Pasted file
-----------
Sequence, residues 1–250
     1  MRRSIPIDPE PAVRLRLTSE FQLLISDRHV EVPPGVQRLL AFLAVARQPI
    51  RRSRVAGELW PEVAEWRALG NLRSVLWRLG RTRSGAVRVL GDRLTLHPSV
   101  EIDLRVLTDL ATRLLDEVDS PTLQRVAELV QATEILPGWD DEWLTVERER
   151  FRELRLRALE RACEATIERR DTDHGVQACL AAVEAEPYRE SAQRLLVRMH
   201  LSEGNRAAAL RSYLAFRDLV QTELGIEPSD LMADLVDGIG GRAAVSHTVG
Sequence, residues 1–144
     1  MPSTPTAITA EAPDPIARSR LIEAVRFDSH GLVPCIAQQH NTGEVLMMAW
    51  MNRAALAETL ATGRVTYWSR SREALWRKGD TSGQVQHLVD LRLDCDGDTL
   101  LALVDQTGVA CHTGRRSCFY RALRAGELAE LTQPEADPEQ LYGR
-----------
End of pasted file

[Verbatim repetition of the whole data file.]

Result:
Sequence, residues 1–250
     1  MRRSIPIDPE PAVRLRLTSE FQLLISDRHV EVPPGVQRLL AFLAVARQPI
    51  RRSRVAGELW PEVAEWRALG NLRSVLWRLG RTRSGAVRVL GDRLTLHPSV
   101  EIDLRVLTDL ATRLLDEVDS PTLQRVAELV QATEILPGWD DEWLTVERER
   151  FRELRLRALE RACEATIERR DTDHGVQACL AAVEAEPYRE SAQRLLVRMH
   201  LSEGNRAAAL RSYLAFRDLV QTELGIEPSD LMADLVDGIG GRAAVSHTVG
Sequence, residues 1–144
     1  MPSTPTAITA EAPDPIARSR LIEAVRFDSH GLVPCIAQQH NTGEVLMMAW
    51  MNRAALAETL ATGRVTYWSR SREALWRKGD TSGQVQHLVD LRLDCDGDTL
   101  LALVDQTGVA CHTGRRSCFY RALRAGELAE LTQPEADPEQ LYGR